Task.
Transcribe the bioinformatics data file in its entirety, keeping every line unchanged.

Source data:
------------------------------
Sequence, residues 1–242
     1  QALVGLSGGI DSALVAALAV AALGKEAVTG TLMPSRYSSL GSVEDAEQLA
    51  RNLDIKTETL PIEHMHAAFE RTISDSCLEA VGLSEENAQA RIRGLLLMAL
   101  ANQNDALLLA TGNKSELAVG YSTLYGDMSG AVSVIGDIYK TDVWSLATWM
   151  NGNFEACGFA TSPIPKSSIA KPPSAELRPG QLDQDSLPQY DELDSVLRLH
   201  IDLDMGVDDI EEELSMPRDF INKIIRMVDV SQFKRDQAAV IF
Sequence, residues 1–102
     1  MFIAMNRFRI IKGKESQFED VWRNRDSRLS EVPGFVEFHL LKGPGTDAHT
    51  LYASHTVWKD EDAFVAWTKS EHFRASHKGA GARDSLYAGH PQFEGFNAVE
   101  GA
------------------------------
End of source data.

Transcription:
Sequence, residues 1–242
     1  QALVGLSGGI DSALVAALAV AALGKEAVTG TLMPSRYSSL GSVEDAEQLA
    51  RNLDIKTETL PIEHMHAAFE RTISDSCLEA VGLSEENAQA RIRGLLLMAL
   101  ANQNDALLLA TGNKSELAVG YSTLYGDMSG AVSVIGDIYK TDVWSLATWM
   151  NGNFEACGFA TSPIPKSSIA KPPSAELRPG QLDQDSLPQY DELDSVLRLH
   201  IDLDMGVDDI EEELSMPRDF INKIIRMVDV SQFKRDQAAV IF
Sequence, residues 1–102
     1  MFIAMNRFRI IKGKESQFED VWRNRDSRLS EVPGFVEFHL LKGPGTDAHT
    51  LYASHTVWKD EDAFVAWTKS EHFRASHKGA GARDSLYAGH PQFEGFNAVE
   101  GA